Facebook PixelCan we differentiate between beneficial and detrimental senescent cells?
Create newCreate new

Can we differentiate between beneficial and detrimental senescent cells?

Image credit: https://www.nature.com/articles/s41570-019-0108-0?platform=oscar&draft=collection

Shubhankar Kulkarni
Shubhankar Kulkarni Aug 04, 2020
Please leave the feedback on this challenge

Is the problem still unsolved?


Is it concisely described?

Bounty for the best solution

Provide a bounty for the best solution

Bounties attract serious brainpower to the challenge.

Currency *
Who gets the Bounty *
Senescence is not always detrimental to human health. During embryonic development, programmed senescence eliminates senescent cells and reshapes tissues, and loss of senescence at this stage leads to developmental abnormalities. Senescence also improves glucose homeostasis and tissue repair and regeneration and elimination of senescent cells hampers these processes. Even optimum exposure to senescence-associated secretory phenotype was shown to initiate pro-regenerative stemness (cellular plasticity) in mouse keratinocytes.

Therefore, is there a difference between beneficial and detrimental senescent cells or is it completely context-dependent?

[1]Muñoz-Espín D, Cañamero M, Maraver A, Gómez-López G, Contreras J, Murillo-Cuesta S, et al. Programmed Cell Senescence during Mammalian Embryonic Development. Cell [Internet]. 2013 Nov;155(5):1104–18. Available from: https://linkinghub.elsevier.com/retrieve/pii/S0092867413012956

[2]Storer M, Mas A, Robert-Moreno A, Pecoraro M, Ortells MC, Di Giacomo V, et al. Senescence Is a Developmental Mechanism that Contributes to Embryonic Growth and Patterning. Cell [Internet]. 2013 Nov;155(5):1119–30. Available from: https://linkinghub.elsevier.com/retrieve/pii/S0092867413013597

[3]Helman A, Klochendler A, Azazmeh N, Gabai Y, Horwitz E, Anzi S, et al. p16Ink4a-induced senescence of pancreatic beta cells enhances insulin secretion. Nat Med [Internet]. 2016 Apr 7;22(4):412–20. Available from: http://www.nature.com/articles/nm.4054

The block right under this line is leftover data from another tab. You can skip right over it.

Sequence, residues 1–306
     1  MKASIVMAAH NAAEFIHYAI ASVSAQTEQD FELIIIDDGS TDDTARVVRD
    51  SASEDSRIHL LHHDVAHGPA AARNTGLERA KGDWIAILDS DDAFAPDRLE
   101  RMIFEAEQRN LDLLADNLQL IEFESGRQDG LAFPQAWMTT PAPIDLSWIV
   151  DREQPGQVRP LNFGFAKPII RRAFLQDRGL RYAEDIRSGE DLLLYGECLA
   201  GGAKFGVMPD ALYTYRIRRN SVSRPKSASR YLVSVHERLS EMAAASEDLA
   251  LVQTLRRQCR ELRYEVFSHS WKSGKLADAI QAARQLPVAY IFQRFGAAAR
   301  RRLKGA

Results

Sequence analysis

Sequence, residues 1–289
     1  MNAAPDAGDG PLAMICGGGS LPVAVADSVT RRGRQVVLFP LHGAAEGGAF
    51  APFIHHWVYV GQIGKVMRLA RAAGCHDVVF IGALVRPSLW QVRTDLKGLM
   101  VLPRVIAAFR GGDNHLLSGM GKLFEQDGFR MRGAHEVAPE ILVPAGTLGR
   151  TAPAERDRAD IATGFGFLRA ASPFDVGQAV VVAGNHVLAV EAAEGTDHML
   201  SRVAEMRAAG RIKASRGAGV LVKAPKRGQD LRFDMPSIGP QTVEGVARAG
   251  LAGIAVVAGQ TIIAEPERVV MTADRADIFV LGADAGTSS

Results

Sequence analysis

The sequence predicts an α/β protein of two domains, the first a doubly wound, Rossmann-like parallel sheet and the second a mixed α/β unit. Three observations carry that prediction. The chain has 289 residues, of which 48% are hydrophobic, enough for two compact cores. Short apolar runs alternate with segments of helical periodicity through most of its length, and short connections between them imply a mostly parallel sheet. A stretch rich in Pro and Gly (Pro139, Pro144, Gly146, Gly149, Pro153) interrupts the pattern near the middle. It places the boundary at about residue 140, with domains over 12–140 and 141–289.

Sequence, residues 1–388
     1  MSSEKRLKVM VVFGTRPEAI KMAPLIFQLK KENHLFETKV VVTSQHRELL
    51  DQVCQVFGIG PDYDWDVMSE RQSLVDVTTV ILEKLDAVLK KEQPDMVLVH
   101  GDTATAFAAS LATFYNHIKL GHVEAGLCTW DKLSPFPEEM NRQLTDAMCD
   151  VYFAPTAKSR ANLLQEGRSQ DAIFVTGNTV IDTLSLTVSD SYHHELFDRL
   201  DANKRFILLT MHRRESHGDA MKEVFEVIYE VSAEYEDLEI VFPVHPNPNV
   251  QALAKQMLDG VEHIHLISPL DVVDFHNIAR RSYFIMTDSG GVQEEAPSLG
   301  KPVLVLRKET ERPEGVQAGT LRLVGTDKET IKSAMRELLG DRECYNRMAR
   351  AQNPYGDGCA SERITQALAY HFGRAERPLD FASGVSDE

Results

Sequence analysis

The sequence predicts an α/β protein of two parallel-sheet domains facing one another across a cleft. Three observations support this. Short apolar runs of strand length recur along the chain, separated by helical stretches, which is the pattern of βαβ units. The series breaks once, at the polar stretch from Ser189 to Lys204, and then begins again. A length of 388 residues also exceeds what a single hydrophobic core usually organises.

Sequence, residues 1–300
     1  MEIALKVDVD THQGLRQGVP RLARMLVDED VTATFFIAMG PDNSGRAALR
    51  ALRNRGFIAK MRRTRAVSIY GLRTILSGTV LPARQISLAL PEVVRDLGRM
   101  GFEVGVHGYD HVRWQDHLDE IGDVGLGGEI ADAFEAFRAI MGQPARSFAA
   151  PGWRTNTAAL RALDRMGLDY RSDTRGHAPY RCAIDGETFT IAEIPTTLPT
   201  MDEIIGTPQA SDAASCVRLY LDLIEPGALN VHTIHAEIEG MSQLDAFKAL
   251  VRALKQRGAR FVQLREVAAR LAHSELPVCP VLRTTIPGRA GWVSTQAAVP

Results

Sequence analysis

[4]Demaria M, Ohtani N, Youssef SA, Rodier F, Toussaint W, Mitchell JR, et al. An Essential Role for Senescent Cells in Optimal Wound Healing through Secretion of PDGF-AA. Dev Cell [Internet]. 2014 Dec;31(6):722–33. Available from: https://linkinghub.elsevier.com/retrieve/pii/S1534580714007291

[5]Ritschka B, Storer M, Mas A, Heinzmann F, Ortells MC, Morton JP, et al. The senescence-associated secretory phenotype induces cellular plasticity and tissue regeneration. Genes Dev [Internet]. 2017 Jan 15;31(2):172–83. Available from: http://genesdev.cshlp.org/lookup/doi/10.1101/gad.290635.116

Creative contributions

Could be both?

Jamila Aug 10, 2020
When senescent cells have targeted specific cells and completed their job (tissue remodelling, embryonic development, etc) the immune cells easily remove them; this is termed as acute senescence. However, prolonged cellular stress can induce chronic senescence, and that’s where the issues begin. In chronic senescence, specific cell types are not targeted and the senescent cells are not cleared away efficiently. It is already known that the immune system function deteriorates with age; therefore, the immune cells may not be able to cope with the accumulation of senescent cells. Furthermore, the ability of immune cells to clear the senescent cells may depend on SASP.(https://www.ncbi.nlm.nih.gov/pmc/articles/PMC4214092/) It does seem that there are differences between early-stage and late-stage senescent cells. Acute senescence is a tightly controlled process, whereas, chronic senescence is highly dysregulated. The differences between early and late-stage senescent cells should be further explored. It seems that a combination of these chronic senescent cells (late-stage) and the conditions may promote the negative effects of cellular senescence and thus accelerate aging.
Please leave the feedback on this idea

Add your creative contribution

0 / 200

Added via the text editor

Sign up or


Guest sign up

* Indicates a required field

By using this platform you agree to our terms of service and privacy policy.

General comments